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The Vault at PfaffsAn Archive of Art and Literature by the Bohemians of Antebellum New York
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                 Scribbling and Loafing.
opposite the creole belle.    Dismounting near
the St Charles, Ripley and I dined at the
Southern Restaurant, then returned to the ho-
tel, a whiskey-skin and bed   at least, I
did.   Tired.
  3.  Tuesday.   Resting.    Breakfast at Wi-
bel s. To the Delta Office and other loafing, of
which non mi recordo.
  4.  Wednesday.   Ripley up.   Off to the levee
alone and boarded the Honduras.   A cold, raw
morning; nothing worth going for in the way of
news.       Back to hotel.     At work hard and
hurriedly till 3 P. M. then with Ripley to the
Empire City, which was expected to start
at 4.       Finished letter in cabin amid the
crowd, Ripley leaving; Schell coming we
went off together along the windy stormy levee,
beside the swollen, tossing and turbid Mis-
sippi.      Up in A. G. Hills room during the
evening, helping him by dictation in writing a
letter descriptive of the trip to Dixie.         He
had got stuck fast and thought everything 
that I uttered   chaff, extravagance and ex-
aggeration   first rate.   So I went ahead and
amused myself.     Other fellows came in sub-
sequently and we drank whiskey-skins.
  5.  Thursday.   Loafing in various
[word cut off], at the Delta Office, Wilbels, the
Title:Thomas Butler Gunn Diaries, Volume Twenty-One: page two hundred and six
Description:Mentions going to the ship Empire City in search of news.
Subject:Civil War; Gunn, Thomas Butler; Hills, A.G.; Ripley, Philip; Schell, Frank H.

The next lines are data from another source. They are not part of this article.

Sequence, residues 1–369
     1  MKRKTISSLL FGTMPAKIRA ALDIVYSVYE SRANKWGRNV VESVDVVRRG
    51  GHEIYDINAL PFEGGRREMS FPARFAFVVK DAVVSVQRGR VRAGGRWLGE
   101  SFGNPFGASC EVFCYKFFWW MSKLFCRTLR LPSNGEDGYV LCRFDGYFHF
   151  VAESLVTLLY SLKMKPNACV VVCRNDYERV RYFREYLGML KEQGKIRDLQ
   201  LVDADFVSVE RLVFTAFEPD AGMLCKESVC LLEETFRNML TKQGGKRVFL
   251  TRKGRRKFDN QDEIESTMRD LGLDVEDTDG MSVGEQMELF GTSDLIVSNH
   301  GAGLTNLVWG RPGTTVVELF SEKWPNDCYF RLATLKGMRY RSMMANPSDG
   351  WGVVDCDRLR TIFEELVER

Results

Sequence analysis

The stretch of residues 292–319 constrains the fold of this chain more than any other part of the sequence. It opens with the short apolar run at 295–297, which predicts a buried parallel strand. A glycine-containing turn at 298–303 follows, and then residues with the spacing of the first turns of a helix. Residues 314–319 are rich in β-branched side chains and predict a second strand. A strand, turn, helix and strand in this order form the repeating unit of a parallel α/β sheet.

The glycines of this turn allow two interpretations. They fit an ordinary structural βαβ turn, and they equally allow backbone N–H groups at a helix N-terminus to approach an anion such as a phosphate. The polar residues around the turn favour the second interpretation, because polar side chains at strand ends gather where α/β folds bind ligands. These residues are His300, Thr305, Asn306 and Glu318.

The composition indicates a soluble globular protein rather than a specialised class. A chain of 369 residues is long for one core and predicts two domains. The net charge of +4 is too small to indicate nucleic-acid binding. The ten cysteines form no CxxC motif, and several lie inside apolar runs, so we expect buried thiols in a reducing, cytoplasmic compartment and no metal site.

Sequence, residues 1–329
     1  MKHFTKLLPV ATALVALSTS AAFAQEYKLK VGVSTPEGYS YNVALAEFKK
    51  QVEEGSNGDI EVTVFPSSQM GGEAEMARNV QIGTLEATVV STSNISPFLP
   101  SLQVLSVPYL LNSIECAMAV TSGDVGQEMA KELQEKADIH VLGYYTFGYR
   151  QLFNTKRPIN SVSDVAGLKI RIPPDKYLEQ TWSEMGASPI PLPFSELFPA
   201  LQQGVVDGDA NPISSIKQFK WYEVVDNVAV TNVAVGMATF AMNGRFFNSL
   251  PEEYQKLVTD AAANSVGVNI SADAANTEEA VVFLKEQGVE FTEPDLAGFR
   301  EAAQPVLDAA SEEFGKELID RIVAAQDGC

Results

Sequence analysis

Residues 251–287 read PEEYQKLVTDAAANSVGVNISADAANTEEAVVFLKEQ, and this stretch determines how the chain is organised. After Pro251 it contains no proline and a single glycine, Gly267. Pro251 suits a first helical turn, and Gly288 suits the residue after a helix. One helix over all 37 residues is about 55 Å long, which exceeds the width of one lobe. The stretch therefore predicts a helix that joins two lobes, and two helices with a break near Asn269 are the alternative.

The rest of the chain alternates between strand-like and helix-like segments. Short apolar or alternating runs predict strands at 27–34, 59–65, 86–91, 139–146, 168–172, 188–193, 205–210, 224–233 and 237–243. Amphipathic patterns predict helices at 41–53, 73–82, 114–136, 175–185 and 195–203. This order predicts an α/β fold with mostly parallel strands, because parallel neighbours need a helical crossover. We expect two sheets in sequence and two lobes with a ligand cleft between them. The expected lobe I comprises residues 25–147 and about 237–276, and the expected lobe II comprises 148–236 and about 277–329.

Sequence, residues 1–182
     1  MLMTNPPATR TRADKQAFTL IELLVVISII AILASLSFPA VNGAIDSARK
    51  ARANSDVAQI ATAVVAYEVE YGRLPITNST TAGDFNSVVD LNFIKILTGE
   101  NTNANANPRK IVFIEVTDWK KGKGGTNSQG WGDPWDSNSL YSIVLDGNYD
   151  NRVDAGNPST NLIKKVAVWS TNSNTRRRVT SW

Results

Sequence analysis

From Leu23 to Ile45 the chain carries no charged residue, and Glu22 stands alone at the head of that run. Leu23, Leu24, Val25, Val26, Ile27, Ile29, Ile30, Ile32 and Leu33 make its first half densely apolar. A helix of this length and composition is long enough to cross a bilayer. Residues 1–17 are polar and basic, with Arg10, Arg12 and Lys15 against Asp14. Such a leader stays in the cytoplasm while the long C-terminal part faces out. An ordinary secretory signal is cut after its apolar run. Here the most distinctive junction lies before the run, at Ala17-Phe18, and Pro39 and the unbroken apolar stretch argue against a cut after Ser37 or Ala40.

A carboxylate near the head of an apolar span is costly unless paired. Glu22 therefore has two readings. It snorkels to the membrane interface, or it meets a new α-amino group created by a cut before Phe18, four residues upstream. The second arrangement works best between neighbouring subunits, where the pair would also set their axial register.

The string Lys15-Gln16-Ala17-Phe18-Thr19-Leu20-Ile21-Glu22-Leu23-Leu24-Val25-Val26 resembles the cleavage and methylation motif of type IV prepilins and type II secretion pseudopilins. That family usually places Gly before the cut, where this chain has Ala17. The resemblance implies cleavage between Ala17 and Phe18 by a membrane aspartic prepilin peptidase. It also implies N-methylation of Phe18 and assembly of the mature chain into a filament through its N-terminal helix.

Coverage (City/State):[New Orleans, Louisiana]
Scan Date:2010-11-18


Title:Thomas Butler Gunn Diaries, Volume Twenty-One
Description:Includes Gunn's descriptions of his experiences as a war correspondent for ""The New York Tribune"" at New Orleans, Louisiana, and Baton Rouge, Louisiana; boarding house living; a visit to the Rawlings family; a fight with Mr. Blankman at his boarding house; his journey on the North Star with the Banks expedition; the re-occupation of Baton Rouge by Union forces; a visit to a sugar plantation in Louisiana; and Fanny Fern's daughter Grace Thomson's death.
Subject:African Americans; Boardinghouses; Bohemians; Civil War; Gunn, Thomas Butler; Journalism; Military; Publishers and publishing; Transportation; Travel; Women
Coverage (City/State):New York, New York; New Orleans, Louisiana; Baton Rouge, Louisiana
Note:Thomas Butler Gunn was born February 15, 1826, in Banbury, England, and came to New York in 1849. During the Civil War he worked as a correspondent for the New York Tribune and the New York Evening Post. He returned to England in 1863, and died in Birmingham in April 1903. The collection includes twenty-one volumes of his diaries, including newspaper clippings, letters, photographs, sketches, and various other items inserted by Gunn. Diary entries date from July 7, 1849, to April 7, 1863, and include his experiences with the New York publishing and literary world, his descriptions of boarding houses, his travels throughout the United States, and his experiences traveling with the Federal army as a Civil War correspondent.
Publisher:Missouri History Museum
Rights:Copyright 2010 Missouri History Museum.
Source:Page images, transcriptions, and metadata of the Thomas Butler Gunn diaries have been provided by the Missouri History Museum.